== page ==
The effect of Digestarom® on poultry meat quality


Photo: iStockphoto_branex

Consumers are demanding greater quality and safety from their meat, and they are also more concerned than ever about animal welfare and environmental pollution. To satisfy these demands, poultry producers must consider every factor that may affect the final quality of the meat they produce. These factors must be identified and accommodated at every stage, from the parent stock to the fertilized egg, through hatchery operations and broiler farms, right down to processing and delivery to the end consumer.

Bird muscle is highly specialized tissue, providing structural support to the bird; around 40 to 50% of a chicken's body weight is skeletal muscle. Broiler muscle tissue contains 74.6% water, 12.1% protein, 11.1% lipid, 1.2% carbohydrate and 1% ash. After slaughter, muscle undergoes certain changes to become meat. During this process, the muscle's energy resources (glycogen, ATP and CP) are exhausted, causing major changes in the pH of the meat. The structure of the muscle also changes dramatically and it becomes a relatively rigid and inextensible structure, a process known as rigor mortis. As time passes, more physiological changes occur, affecting the quality of the end product, the meat.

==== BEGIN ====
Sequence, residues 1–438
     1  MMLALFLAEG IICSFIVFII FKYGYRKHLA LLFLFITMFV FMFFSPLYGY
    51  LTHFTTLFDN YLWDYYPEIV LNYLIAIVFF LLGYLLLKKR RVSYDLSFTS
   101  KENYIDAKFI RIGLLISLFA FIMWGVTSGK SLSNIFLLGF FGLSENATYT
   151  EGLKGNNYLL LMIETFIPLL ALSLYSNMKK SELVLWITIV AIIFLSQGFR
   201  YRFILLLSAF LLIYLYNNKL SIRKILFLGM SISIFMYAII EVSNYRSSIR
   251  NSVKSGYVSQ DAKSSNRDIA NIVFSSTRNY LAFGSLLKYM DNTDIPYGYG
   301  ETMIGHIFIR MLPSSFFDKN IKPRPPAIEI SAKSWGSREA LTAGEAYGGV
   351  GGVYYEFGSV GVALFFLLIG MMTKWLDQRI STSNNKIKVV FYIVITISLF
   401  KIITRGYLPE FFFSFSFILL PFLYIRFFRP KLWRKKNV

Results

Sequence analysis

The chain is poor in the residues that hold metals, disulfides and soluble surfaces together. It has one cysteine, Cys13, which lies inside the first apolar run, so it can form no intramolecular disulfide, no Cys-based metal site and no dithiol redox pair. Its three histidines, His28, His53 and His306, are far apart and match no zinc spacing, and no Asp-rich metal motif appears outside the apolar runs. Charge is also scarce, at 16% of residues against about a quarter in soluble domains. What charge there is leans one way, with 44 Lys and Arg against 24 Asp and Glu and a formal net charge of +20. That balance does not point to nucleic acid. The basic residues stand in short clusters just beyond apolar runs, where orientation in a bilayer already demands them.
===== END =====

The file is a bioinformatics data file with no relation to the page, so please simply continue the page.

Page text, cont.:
Factors that affect the progression of rigor mortis can be either premortem or postmortem. Bird nutrition and health status, and the level of stress or exhaustion before slaughter are some premortem factors. Bleeding, scalding, plucking, eviscerating, cooling, and storage temperature are postmortem factors. All of these affect the rate of rigor mortis development, which in turn affects the sensory and functional properties of the meat and meat products.

Rapid acidification (falling pH), particularly at the prevailing body temperature, causes pale, soft and exudative (PSE) meat. PSE is generally described as a major defect, affecting color (paler than it should be), texture (softer than normal) and water holding capacity (WHC). In chicken, muscle pH of around 6.0 or less and muscle temperature of around 35°C or higher approximately 20 minutes after bleeding is known to produce PSE meat. Although the high temperature/low pH theory is well understood in the muscles of most animals, the nature of this muscle denaturation and the biochemical events that accelerate postmortem muscular glycolysis in poultry are still unclear.

If muscle pH does not decrease due to low glycogen reserves in the muscle, the meat appears dark, firm and dry (DFD). This occurs when the bird experiences exhaustion before slaughter. In this case, the muscle contains a very small amount of glycogen, and lactic acid production is very low, so pH does not decrease completely (remains above 6.2). Figure 1 shows a typical postmortem pH reduction in normal, PSE and DFD meats. DFD meat with a final pH>6.2 is microbiologically unstable and prone to microbial contamination, even when initial microbial contamination is low.

Figure 1. Typical postmortem pH reduction in normal, PSE, and DFD meats [Adapted from Guerrero-Legarreta, I., Hui, Y.H. (2010)]

Figure 1. Typical postmortem pH reduction in normal, PSE, and DFD meats [Adapted from Guerrero-Legarreta, I., Hui, Y.H. (2010)]